Bill Chizek/iStock(WASHINGTON) — Even as President Donald Trump insists the U.S. economy is “the best in the world,” he is also weighing pursuing another round of tax cuts amid concerns about a possible looming recession.
“He’s looking at at tax cuts again, we think that spurs on the economic expansion,” White House deputy press secretary Hogan Gidley said during an interview with FOX News Tuesday.
The possibility was discussed during a White House policy meeting on Monday. The idea of a payroll tax cut has also been floated in recent days, though officials say that idea has been tabled and is not under active consideration.
“It is not being considered at this time,” Gidley reiterated on Tuesday. “We are always looking to give people back their hard-earned money and that’s with the conversation was about.”
Publicly, the president continues to strike an optimistic tone about the strength of the U.S. economy and has sent his top economic aides on television to further amplify the White House message.
“We have the strongest economy, by far, in the world,” Trump insisted to reporters on Sunday. “I don’t see a recession. I mean, the world is in a recession right now. And — although, that’s too big a statement.”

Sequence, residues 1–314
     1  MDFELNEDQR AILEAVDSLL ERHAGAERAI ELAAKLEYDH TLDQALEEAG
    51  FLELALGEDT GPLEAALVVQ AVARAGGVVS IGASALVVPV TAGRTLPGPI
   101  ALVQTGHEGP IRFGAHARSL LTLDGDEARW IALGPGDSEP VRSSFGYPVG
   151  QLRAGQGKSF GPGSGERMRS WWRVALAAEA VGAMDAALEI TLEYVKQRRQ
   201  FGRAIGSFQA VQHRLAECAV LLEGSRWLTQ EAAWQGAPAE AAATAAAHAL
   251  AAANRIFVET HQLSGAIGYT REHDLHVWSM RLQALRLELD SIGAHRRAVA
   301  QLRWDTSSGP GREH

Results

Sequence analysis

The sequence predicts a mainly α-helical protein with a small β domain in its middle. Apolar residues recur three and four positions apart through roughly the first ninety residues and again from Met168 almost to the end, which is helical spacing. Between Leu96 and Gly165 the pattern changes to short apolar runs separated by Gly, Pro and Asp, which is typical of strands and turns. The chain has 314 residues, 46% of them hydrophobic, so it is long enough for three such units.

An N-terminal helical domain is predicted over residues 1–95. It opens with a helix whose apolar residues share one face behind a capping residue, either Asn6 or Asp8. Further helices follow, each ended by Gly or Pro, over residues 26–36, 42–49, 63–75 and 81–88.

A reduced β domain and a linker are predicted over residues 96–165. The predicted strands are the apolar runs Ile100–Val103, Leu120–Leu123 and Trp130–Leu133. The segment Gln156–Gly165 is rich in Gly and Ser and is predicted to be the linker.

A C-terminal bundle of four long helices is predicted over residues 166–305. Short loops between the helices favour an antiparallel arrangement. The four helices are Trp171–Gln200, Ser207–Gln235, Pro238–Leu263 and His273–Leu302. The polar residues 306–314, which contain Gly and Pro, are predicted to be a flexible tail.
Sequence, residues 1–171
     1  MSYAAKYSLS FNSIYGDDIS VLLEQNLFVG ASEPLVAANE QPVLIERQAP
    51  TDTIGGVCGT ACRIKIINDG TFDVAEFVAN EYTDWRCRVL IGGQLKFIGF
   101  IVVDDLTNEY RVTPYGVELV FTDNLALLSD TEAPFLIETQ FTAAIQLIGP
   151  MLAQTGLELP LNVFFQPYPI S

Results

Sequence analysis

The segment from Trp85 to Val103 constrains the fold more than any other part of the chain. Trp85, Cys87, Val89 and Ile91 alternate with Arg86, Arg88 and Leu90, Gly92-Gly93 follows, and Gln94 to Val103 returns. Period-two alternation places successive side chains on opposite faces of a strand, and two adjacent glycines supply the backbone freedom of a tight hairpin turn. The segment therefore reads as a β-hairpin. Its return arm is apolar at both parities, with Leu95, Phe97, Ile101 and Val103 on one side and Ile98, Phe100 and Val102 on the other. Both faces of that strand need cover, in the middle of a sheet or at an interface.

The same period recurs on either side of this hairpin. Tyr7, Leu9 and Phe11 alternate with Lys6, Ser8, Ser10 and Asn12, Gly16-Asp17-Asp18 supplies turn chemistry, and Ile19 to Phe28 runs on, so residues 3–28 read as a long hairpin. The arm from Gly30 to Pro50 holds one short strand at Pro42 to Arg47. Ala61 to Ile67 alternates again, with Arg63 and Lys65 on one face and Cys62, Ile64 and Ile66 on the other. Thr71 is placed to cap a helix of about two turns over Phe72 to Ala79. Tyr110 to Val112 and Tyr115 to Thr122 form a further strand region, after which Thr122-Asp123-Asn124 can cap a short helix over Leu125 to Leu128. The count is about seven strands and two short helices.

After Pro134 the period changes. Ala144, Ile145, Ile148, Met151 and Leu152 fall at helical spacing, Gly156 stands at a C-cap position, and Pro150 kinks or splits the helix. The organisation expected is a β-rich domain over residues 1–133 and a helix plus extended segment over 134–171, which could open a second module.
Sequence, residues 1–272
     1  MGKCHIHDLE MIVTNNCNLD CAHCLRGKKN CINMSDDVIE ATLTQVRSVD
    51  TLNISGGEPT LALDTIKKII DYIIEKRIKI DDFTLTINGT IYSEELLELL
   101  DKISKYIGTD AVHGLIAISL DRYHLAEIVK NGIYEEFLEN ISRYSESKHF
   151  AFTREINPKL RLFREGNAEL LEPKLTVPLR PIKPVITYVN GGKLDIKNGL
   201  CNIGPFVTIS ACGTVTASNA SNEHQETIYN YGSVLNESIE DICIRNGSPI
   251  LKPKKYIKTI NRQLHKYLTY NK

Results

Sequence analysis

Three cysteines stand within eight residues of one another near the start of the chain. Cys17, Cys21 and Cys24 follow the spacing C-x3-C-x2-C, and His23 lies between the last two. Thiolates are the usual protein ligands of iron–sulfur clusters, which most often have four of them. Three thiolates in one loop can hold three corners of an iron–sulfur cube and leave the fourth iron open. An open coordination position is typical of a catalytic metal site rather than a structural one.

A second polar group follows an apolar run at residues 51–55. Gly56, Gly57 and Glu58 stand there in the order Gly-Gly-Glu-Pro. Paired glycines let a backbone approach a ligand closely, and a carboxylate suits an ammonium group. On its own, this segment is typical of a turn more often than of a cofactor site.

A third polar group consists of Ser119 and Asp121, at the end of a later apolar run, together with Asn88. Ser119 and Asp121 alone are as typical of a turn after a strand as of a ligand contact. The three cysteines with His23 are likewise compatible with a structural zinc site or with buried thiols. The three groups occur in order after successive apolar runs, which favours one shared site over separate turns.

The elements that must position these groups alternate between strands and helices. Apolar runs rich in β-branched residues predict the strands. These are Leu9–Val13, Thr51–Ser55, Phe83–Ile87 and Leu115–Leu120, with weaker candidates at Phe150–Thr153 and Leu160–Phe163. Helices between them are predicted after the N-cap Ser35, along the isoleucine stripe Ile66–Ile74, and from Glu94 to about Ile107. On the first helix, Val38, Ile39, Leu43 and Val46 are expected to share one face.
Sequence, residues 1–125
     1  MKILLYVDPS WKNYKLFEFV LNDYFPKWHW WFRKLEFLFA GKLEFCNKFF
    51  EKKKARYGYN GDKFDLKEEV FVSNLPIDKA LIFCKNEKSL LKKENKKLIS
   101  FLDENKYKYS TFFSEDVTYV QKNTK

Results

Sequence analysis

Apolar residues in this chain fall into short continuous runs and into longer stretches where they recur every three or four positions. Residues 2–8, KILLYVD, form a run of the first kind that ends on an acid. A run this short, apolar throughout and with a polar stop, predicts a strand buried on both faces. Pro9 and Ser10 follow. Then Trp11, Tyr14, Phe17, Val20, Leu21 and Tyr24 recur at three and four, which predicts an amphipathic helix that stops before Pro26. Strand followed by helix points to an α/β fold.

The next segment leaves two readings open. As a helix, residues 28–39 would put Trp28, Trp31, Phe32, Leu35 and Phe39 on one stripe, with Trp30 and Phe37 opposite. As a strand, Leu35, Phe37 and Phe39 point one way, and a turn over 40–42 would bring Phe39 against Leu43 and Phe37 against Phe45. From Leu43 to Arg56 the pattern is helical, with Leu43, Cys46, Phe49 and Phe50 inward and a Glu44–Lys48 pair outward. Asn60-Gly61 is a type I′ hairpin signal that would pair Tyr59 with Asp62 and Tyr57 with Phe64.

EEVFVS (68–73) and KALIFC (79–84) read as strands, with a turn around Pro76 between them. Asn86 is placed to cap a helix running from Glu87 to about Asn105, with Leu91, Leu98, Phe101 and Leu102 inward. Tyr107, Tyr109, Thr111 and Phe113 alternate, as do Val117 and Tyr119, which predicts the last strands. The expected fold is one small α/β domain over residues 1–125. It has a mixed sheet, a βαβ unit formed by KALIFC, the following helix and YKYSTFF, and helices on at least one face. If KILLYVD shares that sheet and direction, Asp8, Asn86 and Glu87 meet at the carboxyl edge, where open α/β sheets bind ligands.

To the extent Trump does acknowledge weakness in the economy, he points blame at the broader global landscape and at Federal Reserve Chairman Jerome Powell, whom he hand-picked for the job but has since fallen out of favor with Trump, who believes the Fed should further lower interest rates.
Our Economy is very strong, despite the horrendous lack of vision by Jay Powell and the Fed, but the Democrats are trying to “will” the Economy to be bad for purposes of the 2020 Election. Very Selfish! Our dollar is so strong that it is sadly hurting other parts of the world…
— Donald J. Trump (@realDonaldTrump) August 19, 2019
The president’s renewed interest in another round of tax cuts comes after his previous pledge, in the weeks just before the 2018 midterm elections, to pursue a 10 percent tax cut for the middle class. After the election, the president dropped all discussion of the promised tax cuts.
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